science fiction

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James Tiptree: 10,000 Light Years from Home #Review #ScienceFiction #Dystopian

James Tiptree: 10,000 Light Years from Home

I’ve umm’d and ah’d about whether to persevere with or give up reading James Tiptree Jnr’s “10,000 Light-Years from Home” (1977, Pan-Science Fiction). Even as I write, I’m still not 100% sure whether I will finish it or not… so why am I reading it?
I came across mention of it on Mastodon, Tiptree being rated as a science fiction writer and this the book to read. Not being a science fiction reader, preferring the past to the future, it seemed an opportunity to expand my horizons. Having struggled through the first three chapters, it seems as though there are multiple strands that will eventually merge. By page 72 this seems to be the case. However, the book has still not drawn me in sufficiently to want to finish it. This despite my fascination with when the book was published and its future-gazing. It seems so much more than I pick up today where the future vision seems to have stagnated.

Does this mean the book is not good? I don’t think so. It’s rated as one of the best, the publisher wrote an introduction to the book: “Here was a story by a professional, a man who knew how to interest me…he writes the kind of fiction that is worth reading and is a pleasure to read at the same time.”

Britannica gives some background to Tiptree – not a “he” but a “she” – while Vox puts her work into perspective.

It’s simply not my kind of book. But it might be yours. It did get me reflecting though: why is there such a need to focus on sex in entertainment? I hadn’t expected the graphic scenes (rather mild by today’s standards) in the opening chapter. Not having read the blurb or anything about the author before embarking on the read, I had no idea Tiptree was fascinated with gender issues.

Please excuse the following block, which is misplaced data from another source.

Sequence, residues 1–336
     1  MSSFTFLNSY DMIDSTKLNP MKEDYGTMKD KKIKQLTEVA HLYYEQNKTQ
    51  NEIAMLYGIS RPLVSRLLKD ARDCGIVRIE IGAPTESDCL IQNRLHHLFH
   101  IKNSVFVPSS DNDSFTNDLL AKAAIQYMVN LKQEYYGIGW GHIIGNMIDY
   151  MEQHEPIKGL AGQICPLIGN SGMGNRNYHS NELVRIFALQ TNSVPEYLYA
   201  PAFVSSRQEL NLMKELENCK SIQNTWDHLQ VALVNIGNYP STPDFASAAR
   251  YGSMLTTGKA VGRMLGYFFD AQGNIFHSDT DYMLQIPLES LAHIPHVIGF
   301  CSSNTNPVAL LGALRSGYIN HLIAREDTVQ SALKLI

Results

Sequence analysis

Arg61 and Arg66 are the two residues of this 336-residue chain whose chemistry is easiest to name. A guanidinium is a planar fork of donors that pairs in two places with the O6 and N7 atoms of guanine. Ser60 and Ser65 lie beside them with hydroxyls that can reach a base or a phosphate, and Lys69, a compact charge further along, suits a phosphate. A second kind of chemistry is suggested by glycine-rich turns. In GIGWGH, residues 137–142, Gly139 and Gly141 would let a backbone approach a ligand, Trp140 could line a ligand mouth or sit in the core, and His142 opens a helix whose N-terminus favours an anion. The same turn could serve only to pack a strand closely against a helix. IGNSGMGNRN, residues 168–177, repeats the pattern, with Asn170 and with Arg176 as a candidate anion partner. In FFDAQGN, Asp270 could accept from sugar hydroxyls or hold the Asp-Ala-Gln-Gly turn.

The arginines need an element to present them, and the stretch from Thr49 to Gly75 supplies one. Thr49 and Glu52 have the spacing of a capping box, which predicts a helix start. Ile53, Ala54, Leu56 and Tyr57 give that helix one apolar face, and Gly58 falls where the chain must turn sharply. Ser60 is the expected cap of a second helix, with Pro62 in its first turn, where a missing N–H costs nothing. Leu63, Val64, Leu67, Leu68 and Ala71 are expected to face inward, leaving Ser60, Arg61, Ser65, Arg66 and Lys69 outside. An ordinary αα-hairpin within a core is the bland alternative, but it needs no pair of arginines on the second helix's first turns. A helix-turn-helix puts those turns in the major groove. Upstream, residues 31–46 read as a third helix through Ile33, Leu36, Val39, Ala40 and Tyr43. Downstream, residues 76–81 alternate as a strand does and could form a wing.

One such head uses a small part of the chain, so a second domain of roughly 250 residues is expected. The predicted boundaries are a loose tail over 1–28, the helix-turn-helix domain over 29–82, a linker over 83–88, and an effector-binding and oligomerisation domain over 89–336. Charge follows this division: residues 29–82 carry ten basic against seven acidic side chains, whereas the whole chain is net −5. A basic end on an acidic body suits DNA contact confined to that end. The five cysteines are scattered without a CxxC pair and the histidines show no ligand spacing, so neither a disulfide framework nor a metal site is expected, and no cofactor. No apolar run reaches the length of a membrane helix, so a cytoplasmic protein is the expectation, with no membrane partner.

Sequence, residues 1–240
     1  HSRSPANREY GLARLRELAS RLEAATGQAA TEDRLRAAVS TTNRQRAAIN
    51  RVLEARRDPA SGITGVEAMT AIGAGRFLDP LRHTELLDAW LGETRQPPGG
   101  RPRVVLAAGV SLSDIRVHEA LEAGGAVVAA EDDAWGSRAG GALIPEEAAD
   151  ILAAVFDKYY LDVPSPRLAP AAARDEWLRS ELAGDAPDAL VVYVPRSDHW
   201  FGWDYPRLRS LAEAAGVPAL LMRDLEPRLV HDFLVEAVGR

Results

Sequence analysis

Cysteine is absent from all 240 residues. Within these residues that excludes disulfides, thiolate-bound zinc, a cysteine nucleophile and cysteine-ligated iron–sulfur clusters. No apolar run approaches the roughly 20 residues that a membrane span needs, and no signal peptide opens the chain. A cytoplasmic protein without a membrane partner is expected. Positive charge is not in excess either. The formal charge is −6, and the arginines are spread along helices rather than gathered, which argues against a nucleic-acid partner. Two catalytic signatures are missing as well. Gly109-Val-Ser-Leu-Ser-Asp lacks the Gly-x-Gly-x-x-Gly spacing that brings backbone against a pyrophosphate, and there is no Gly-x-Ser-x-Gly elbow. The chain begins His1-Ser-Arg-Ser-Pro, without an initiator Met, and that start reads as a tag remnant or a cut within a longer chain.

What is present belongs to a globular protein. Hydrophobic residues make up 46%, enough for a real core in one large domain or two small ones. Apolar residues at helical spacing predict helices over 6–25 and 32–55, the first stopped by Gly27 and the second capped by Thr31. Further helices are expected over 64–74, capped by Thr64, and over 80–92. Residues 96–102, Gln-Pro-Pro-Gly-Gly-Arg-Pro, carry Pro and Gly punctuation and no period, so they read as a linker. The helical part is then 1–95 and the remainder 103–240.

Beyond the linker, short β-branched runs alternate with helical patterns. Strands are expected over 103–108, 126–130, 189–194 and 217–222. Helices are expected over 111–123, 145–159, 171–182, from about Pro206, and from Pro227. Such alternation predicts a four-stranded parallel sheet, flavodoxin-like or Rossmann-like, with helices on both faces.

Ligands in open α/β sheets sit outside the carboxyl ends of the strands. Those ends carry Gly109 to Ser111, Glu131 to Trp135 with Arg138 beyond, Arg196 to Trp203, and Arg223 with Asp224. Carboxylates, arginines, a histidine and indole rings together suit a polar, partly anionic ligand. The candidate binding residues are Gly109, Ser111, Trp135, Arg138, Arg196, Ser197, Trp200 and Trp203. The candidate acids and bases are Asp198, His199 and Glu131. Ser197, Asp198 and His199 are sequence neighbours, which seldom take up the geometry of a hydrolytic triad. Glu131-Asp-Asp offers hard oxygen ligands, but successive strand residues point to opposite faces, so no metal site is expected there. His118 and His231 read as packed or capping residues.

The start of the Vox article notes:

Feminist dystopian fiction owes just as much to this woman — who wrote as a man — as Margaret Atwood.

While I found Margaret Atwood’s film of “A Handmaid’s Tale” incredibly moving, rating it as one of the best I’ve seen, it’s not a book I’m going to read. The mental images are likely to be too much for me. Similar to Tiptree. I much prefer the more gentle but still hard-hitting approach of Doris Lessing.

Knowing something of the author’s interest in a topic is another way I approach books taking me out of my comfort zone. This got me through editing Gideon Master’s trilogy: “Lucifer’s Child”, “Gestation” and “Ovum” which TSL published. This is a struggle between good and evil, this world and others. Knowing more about Tiptree and her motivation, I can’t say the same – her focus on gender issues rather put a damper on things.

And with that, I’ve decided not to finish the book. But it might be one for you. As might the trilogy by Gideon Masters.
Another dystopian novel published by TSL and a little more gentle than those already mentioned are by Jo Wilkinson “When Falls the Night” and “Into the Darkness”.

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Science fiction and fantasy

Science fiction and fantasy are genres I don’t do easily. For all that, I do find aspects of it fascinating.

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TSL author Leslie Tate interviewed Dave Weaver about writing Science Fiction which shows the breadth of the genre.

As TSL has published some – actually quite a few when you look at the list – books in this genre, I can’t claim I haven’t or don’t read either. And I have to say, after reading them a few times, these stories have grown on me, so why not try them yourself.